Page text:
If you haven’t heard of Barbenheimer, where have you been?
In case you’ve managed to avoid the social media storm surrounding these two film releases, it’s an internet phenomenon that’s taken the marketing world by storm.
Here we’ll delve into the marketing success of Barbenheimer, the effect it’s had on businesses across the globe and provide you with a quick review of the visual spectacles of Barbie and Oppenheimer.
Before I discuss my thoughts on the movies, I’ll examine why Barbenheimer achieved such atmospheric internet fame and discuss its impact on other industries.
Counterprogramming is the official term for the marketing strategy used to release two tonally different films simultaneously, to compete for box office attention. In this case, it favoured Warner Brothers & Universal, with box office earnings far exceeding expectations. It worked for Universal in 2002 with About A Boy, which won out against Star Wars: Episode 2 – Attack of the Clones.
Double Feature Viewing
Usually, an activity confined to the past when films had sub two-hour-plus runtimes. Hollywood figures and the public have embraced both films and viewed them as a double feature, usually with Barbie first followed by Oppenheimer. Margot Robbie, who plays stereotypical Barbie, suggested watching Barbie, Oppenheimer, then Barbie again!
I was one of these people, viewing Barbie first at 5:15pm and getting out of Oppenheimer the same night at 11:30pm. However, I skipped the second viewing of Barbie in favour of sleep.
The Barbie marketing spend was a few million more than the cost of production. With all the hype around the film it had a direct impact on sales of actual Barbie dolls.
Our client Maqio Toys, with the help of our SEO team, claimed a prominent position on page 1 of Google for numerous newly ranking Barbie related keywords, placing them shoulder-to-shoulder with industry giants and increasing overall Barbie related visibility for the brand by 85%.
When looking Year on Year, Maqio saw a 478% increase in new users, 264% growth in transactions and a revenue growth of 314% associated with Barbie related search terms.
I’m no film review expert, I’ll leave that for Mark Kermode. These are just my thoughts and opinions which may differ from yours.
Is it going to win any Oscars, no. Will it entertain you, yes.
The casting is great, Margot Robbie naturally falls into the stereotypical Barbie role with ease. Ryan Gosling had fun portraying a musclebound, emotionally immature Ken. Plus, who better to play a whiney, “I’m-in-charge” CEO than comedic legend Will Ferrel?
The story can get confusing in parts, a lot of back and forth between empowerment for women and stereotypes.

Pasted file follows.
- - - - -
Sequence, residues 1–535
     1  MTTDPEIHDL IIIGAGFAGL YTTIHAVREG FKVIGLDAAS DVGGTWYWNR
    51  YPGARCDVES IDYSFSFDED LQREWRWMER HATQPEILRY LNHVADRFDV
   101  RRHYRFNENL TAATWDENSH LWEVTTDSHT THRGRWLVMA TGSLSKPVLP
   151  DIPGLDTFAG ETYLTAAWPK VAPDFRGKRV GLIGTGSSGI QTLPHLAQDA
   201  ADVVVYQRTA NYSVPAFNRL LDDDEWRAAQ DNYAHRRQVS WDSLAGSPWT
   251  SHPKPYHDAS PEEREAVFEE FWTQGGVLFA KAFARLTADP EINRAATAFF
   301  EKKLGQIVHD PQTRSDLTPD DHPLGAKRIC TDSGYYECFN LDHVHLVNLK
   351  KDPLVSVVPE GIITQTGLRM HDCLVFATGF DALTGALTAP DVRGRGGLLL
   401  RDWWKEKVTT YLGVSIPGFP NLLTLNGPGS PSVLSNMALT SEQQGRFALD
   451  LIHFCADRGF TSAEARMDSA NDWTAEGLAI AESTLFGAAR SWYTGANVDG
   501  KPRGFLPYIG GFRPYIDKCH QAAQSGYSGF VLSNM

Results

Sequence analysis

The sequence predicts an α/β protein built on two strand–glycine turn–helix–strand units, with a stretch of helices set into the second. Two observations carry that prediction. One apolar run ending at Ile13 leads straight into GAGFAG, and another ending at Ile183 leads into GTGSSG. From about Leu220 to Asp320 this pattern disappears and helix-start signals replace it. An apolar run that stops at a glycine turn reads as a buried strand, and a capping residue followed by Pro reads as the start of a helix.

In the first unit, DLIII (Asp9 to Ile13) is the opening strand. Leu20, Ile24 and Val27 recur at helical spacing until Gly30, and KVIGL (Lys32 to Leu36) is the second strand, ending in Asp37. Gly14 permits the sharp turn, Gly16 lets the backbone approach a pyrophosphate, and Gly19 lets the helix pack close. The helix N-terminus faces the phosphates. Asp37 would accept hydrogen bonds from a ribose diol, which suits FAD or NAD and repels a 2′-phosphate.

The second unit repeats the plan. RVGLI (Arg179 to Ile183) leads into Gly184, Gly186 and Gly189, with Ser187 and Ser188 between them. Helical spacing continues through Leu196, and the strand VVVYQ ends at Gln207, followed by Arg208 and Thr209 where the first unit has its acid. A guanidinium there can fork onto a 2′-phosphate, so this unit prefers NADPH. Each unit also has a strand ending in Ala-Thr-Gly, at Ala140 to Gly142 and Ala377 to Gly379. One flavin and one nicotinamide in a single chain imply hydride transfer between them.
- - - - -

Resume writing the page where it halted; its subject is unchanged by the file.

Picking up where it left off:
Ken also suffers the same fate by seeking constant approval from Barbie – is it a reverse of women seeking approval from society and men in particular, or a stereotypical approach to men asking for their partners’ approval?
The opposing social views are littered with comic relief in many forms, mainly those that a younger audience won’t understand. Think of watching Toy Story as an adult.
I appreciated the attention to detail in Barbie Land where everything is supposed to be fake, like a toy. The background scenery looks like the scenes you saw on toy adverts as a kid, fake sea and sand and stickers instead of actual objects in fridges and ovens.
Overall I enjoyed it, laughing aloud frequently and enjoying the performances of the actors. It needed a more cohesive storyline, especially towards the end, it lost me and I became uninterested.
A completely polar opposite experience to Barbie, that’s the point of the counterprogramming.
I’m a fan of Christopher Nolan’s filmmaking, this was no exception. Going into it knowing that CGI wasn’t used, made me appreciate the effort the VFX team must have gone to, to get some of the amazing shots in the film.
With a runtime of 3 hours, I thought time would drag, but I was pleasantly surprised with how well-paced the story was. It wasn’t too fast to miss details nor too slow to lose interest.
Colour and lack thereof was a clever way to distinguish the past from the ‘present’, using black and white for the latter where traditionally it’s used to highlight the past or a flashback.
Some might feel underwhelmed by the eventual detonation of the Trinity Project A-Bomb, but remember that the film is called Oppenheimer, it’s a portrayal of his life and scientific achievements.
That said, that scene was cleverly crafted, using light and sound to cement the viewer in the experience of what a nuclear detonation actually feels like.
Cillian Murphy was excellent, as were his co-stars. They showed raw emotion and passion for what their real-life counterparts believed, for good or bad. You might forget Robert Downey Jr is in the picture until you start to see some of the signature looks and head tilts of Tony Stark.
Fans of Nolan will be pleased to know that speech is more audible than some of his other works. Although they were intentional, some fans were left, deaf. This film uses sound expertly to make you feel and experience the world and mind of Oppenheimer throughout his career in theoretical physics and doubts over the military use of nuclear weapons.
A fantastic film that’s worth the watch, especially at the cinema where you can hear and feel the impact of the audio – it won’t be the same watching it on Netflix at home.
The same marketing techniques can apply to Digital Marketing. We see it all the time on Twitter (sorry, X) when big brands poke fun at each other.
Not only could you find a way to promote your products or services alongside something completely different, but also piggyback onto the marketing budgets of big brands to boost your position.
From improving your search rankings to boosting exposure, we’ve got the know-how to take your online presence to new heights. Get in touch today and let’s start making some magic happen!